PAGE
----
SUFB 121 Ocean Talk Friday

On today’s episode of Ocean Talk Friday, Andrew and I live-blabbed about three various stories in the news affecting our ocean ecosystems. Going forward, feel free to tune into our discussions on Blab live Wednesday nights!

  1. Sharks Smell Well – New research out of Scripps claims that leopard sharks use olfactory cues to navigate throughout the open ocean. In environments devoid of many visible landmarks and reference points, many migratory animals (like sharks) need to utilize some other sense to navigate their way through the big blue. The authors of this study observed that when sharks have their sense of smell impaired, they are much less likely to swim in a straight distance to a single location; rather, they swim in frenzied patterns indicative of an animal that has lot its sense of direction. Though this study looked strictly at leopard sharks, it’s thought that other shark species use olfactory cues as well for underwater navigation. This type of information can be quite relevant when developing policies against marine pollution or other chemical dumping that may influence the chemistry of the ecosystem, since chemical changes could disrupt olfactory recognition and navigational ability of vital shark species.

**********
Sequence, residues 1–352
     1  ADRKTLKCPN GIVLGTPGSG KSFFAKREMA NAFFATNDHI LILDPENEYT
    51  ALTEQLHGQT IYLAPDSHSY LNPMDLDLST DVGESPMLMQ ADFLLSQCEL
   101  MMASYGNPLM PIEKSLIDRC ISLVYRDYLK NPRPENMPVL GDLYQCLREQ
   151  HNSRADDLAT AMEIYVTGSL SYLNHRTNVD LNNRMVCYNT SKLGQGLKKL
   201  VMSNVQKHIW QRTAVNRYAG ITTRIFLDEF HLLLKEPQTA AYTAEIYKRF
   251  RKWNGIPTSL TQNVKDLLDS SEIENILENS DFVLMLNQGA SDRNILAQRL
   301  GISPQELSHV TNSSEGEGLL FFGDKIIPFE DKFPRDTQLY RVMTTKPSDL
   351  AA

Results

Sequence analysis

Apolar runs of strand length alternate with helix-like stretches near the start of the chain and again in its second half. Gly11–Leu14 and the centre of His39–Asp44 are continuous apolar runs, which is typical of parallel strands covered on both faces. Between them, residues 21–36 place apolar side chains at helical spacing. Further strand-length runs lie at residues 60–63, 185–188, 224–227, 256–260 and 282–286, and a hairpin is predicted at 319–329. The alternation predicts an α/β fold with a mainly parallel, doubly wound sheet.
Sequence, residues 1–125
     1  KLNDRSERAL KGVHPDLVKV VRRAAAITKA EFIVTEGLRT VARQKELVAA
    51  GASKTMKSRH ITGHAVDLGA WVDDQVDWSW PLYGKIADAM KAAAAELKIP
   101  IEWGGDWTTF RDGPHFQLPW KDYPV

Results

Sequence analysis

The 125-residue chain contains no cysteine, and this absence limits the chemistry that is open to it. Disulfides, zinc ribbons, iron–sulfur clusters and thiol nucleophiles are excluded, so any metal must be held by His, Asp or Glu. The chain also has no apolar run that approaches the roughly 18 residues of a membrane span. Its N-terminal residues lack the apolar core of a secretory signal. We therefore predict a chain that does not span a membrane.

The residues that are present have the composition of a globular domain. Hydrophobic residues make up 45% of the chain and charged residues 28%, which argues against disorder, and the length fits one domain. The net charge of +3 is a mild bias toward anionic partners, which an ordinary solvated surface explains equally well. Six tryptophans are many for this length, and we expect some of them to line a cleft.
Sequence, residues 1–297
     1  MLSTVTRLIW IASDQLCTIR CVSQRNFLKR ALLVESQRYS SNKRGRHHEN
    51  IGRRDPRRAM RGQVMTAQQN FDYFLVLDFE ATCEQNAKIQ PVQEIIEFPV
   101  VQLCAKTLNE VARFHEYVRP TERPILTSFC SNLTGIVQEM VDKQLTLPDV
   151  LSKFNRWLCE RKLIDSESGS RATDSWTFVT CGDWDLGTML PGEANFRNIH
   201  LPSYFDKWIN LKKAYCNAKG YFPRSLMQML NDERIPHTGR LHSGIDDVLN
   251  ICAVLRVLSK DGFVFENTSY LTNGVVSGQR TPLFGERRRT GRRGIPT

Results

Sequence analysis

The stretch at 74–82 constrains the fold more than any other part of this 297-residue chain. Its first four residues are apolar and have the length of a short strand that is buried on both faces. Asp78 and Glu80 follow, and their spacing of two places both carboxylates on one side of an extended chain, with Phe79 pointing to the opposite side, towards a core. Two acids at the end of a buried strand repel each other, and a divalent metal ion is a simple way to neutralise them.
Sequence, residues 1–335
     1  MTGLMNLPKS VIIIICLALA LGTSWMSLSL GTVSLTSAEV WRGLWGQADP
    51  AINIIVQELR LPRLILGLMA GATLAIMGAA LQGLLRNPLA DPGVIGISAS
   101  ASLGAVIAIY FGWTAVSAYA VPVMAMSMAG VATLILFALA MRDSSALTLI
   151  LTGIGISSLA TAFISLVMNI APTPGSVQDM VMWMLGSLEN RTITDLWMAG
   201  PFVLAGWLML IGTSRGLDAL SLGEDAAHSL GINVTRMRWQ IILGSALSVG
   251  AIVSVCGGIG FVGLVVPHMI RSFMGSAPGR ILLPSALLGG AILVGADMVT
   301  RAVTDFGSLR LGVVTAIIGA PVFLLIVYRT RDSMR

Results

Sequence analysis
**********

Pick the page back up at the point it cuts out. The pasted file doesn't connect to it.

1. Sea Cucumbers in Trouble – An article from Al Jazeera America depicted an unusual fishery dispute in the Banana Islands, just off the coast of Sierra Leone. Though the story has all the usual characters of overfishing situations (local communities practicing subsistence fishing while foreign industrial business folks bring in new technology to overharvest the local marine resources), it does have one unique twist: this is a sea cucumber fishery. While not a large industry in North America, sea cucumbers are very popular in east Asian recipes and traditional medicine. Unfortunately, this demand has led to an overexploitation of the Banana Island population. It has also made it more difficult for the local fishers to support themselves, as catches get lower and the price per individual drops as well. Hopefully we’ll start to see the local government take a stand and reduce catch quotas or these productive, coastal habitats may lose a vital component of their ecosystem.


  1. What do Whales do at Night? – The nighttime behavior of multiple whale species has been a question facing marine researchers for decades. Since most of our observational techniques for discerning marine mammal behaviors relies on light, it has been near impossible to gather any meaningful information about the nighttime behavior of right whales and blue whales. However, recently acoustic methods and infared technology have been used to observe these marine mammals in the absence of light. This data suggests that different whale species behave differently when the sun goes down; blue whales, for example, tend to relax near the surface of the water. This may be one of the reasons why this species is so vulnerable to ship strikes. The animals themselves aren’t moving around much, and neither the whale nor the boat has the visible capability to stop the collision. Right whales, on the other hand, appear to use the night to feed on plankton at deep depths. These advancements in technology should provide many more insightful discoveries into the daily life of the largest animals on earth.

Enjoy the Podcast!

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